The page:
Back Into Gear

A carpet of wild flowers near the canal towpath

Well, we’re heading towards the end of August now, hubby’s birthday and a bank holiday looming, and the annual getting ready for a new school year ritual, which will be quite different this year. I’ll still have the battles over re-introducing a regular bedtime, cutting down tech time, and trying/buying new uniforms and shoes (an especial nightmare when one child’s sensory issues get worse each year!), so no change there! Having been out of school for 23 weeks up to press, it’s going to take a bit longer than previous years to establish new routines; it’s essentially going to be like school for the first time, but with children who are 13 and nearly 11 it could be interesting come September!

I’ve always loved the sense of new starts that September instils: as a child it was the only time of year I had a lot of new things all at once; it’s that anticipation of a new classroom and teacher at junior school, new timetables and maybe new faces at high school. As a parent, it’s been decades of seeing my own children suddenly more grown up with fresh haircuts, too-big, crisp uniforms, polished shoes (scuffed by the end of day 1!), after a summer of long hair, casual clothes, trainers or no shoes at all. Consequently, September is very often a new start for me, too. It’s been the time when I’ve had a new job, often in education to fit in with my children, or gone back to education myself. Because September is so much about new starts, these last couple of weeks in August are all about anticipation, preparation, and maybe tinged with some sadness as I realise that my littlies are another year older and wondering where the time went.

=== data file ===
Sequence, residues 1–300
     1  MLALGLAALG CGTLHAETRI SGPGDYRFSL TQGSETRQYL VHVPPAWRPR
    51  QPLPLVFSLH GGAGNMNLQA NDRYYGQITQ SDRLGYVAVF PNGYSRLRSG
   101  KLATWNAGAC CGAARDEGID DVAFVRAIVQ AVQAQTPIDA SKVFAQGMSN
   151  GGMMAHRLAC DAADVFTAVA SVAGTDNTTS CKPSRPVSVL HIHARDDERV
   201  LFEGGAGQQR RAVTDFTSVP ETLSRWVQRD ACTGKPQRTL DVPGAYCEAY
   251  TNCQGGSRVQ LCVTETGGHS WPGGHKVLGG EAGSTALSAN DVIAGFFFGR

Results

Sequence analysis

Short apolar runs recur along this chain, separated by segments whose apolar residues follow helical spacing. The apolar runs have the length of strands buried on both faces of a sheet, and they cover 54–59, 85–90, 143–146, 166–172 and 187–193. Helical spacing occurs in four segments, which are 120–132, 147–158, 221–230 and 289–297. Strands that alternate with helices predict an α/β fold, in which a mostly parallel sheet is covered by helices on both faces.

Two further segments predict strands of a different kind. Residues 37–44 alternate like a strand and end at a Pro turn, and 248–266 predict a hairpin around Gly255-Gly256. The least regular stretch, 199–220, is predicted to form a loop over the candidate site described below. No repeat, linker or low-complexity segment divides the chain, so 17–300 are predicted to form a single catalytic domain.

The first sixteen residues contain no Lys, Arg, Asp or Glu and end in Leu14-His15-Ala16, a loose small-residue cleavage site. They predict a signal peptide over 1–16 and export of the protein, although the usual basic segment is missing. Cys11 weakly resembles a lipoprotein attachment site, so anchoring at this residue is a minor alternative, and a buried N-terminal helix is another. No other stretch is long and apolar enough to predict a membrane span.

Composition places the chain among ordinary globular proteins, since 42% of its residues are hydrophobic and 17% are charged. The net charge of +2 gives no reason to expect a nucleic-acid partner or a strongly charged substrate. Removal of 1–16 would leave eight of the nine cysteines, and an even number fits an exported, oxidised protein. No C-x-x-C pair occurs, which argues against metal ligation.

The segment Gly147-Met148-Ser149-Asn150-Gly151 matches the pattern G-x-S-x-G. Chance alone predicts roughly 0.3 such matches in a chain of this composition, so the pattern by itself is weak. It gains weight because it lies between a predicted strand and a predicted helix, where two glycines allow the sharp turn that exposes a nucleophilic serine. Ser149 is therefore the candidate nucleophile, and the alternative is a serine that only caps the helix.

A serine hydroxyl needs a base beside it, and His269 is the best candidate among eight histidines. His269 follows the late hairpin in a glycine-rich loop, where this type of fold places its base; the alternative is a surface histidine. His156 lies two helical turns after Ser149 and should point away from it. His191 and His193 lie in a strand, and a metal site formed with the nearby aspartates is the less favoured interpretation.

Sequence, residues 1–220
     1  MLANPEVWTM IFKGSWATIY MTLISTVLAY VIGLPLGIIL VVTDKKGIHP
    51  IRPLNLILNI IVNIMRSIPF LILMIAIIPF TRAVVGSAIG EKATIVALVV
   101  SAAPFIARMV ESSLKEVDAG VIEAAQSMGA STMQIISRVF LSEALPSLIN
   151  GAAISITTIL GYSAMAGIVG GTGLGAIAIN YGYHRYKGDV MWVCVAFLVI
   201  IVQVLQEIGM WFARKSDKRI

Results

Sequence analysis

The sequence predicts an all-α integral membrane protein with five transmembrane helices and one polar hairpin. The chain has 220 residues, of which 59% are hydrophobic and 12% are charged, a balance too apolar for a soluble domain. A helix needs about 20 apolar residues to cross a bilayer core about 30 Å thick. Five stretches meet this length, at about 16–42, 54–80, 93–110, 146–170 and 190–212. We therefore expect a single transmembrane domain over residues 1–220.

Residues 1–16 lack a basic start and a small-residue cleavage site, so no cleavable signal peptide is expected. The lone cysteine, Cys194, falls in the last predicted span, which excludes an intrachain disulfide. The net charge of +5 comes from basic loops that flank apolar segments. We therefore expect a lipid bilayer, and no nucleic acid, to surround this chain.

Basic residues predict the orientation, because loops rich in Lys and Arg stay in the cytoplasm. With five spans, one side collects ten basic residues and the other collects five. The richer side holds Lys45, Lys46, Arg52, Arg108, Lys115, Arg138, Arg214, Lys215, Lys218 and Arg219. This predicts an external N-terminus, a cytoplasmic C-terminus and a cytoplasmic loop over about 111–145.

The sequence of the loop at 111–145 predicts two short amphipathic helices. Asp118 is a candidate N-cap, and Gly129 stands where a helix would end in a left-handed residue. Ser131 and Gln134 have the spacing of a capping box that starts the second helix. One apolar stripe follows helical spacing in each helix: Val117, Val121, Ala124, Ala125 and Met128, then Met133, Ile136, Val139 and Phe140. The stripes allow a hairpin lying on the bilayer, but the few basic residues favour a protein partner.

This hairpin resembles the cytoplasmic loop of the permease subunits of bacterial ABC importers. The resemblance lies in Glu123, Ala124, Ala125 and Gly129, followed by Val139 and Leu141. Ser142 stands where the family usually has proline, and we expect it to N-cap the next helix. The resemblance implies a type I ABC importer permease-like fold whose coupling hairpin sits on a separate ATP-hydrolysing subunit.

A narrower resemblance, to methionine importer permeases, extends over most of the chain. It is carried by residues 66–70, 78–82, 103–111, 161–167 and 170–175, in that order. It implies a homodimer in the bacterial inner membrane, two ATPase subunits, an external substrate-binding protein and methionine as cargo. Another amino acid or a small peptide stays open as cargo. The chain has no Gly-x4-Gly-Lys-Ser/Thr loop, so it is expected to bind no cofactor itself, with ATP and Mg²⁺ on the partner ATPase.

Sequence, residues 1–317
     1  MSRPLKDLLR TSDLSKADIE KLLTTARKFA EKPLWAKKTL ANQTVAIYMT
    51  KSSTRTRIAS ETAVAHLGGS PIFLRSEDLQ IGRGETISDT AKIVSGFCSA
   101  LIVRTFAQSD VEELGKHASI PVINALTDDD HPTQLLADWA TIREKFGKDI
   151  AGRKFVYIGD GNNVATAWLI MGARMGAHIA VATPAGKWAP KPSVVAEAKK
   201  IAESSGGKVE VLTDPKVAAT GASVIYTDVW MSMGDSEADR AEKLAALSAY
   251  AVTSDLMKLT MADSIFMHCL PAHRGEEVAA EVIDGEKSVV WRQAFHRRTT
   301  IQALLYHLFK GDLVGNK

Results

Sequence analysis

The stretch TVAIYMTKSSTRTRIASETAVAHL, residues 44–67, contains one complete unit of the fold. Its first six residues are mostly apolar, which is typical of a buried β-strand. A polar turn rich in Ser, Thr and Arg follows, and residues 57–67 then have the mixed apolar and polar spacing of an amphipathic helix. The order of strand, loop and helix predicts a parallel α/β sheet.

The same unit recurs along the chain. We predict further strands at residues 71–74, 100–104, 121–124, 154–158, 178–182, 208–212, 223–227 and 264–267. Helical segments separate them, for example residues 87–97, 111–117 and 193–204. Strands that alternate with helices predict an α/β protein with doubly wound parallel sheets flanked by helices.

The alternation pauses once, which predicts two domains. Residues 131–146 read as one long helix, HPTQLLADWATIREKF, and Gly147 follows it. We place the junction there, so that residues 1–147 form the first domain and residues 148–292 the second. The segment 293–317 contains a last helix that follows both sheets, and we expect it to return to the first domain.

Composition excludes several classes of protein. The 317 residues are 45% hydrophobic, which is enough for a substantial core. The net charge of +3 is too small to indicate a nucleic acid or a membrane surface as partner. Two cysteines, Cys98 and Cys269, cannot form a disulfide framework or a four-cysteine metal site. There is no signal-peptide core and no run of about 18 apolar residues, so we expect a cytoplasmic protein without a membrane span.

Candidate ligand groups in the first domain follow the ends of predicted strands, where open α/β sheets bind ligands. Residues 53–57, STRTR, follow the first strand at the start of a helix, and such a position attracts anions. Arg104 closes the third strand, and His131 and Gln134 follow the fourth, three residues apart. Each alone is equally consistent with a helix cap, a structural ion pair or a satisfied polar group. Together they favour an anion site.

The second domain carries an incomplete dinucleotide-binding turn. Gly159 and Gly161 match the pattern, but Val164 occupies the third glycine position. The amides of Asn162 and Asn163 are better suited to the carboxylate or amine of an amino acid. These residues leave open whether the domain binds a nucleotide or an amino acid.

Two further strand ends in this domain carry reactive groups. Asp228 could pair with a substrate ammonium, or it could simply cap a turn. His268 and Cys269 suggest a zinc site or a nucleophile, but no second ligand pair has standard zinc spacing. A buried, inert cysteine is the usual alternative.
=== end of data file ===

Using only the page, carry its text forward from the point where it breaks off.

However, children do get older and go into new school years, and I’d be lying if I said I didn’t also relish a bit of calm at home sometimes, when they head out for the day. It’s just those first few days, when you feel slightly abandoned and lonely at the same time. I think this September will be as hard for me as it will for my children; I’ve not had them at home with me for such a long spell since they were tiny, so I’m going to have a lot of adjusting to do, too. To help me cope with this, I’m planning some new things and changes for myself, or re-starting would be a more accurate word. I want to write much more, I have so many creative ideas for art pieces swirling around my mind, and I’m finally starting work with a graphics artist to create a proper logo for Yorkshire Wellies – watch this space! I’ll be starting on Christmas designs for cards, thinking about some bigger/more bespoke pieces, and maybe something a little more quirky.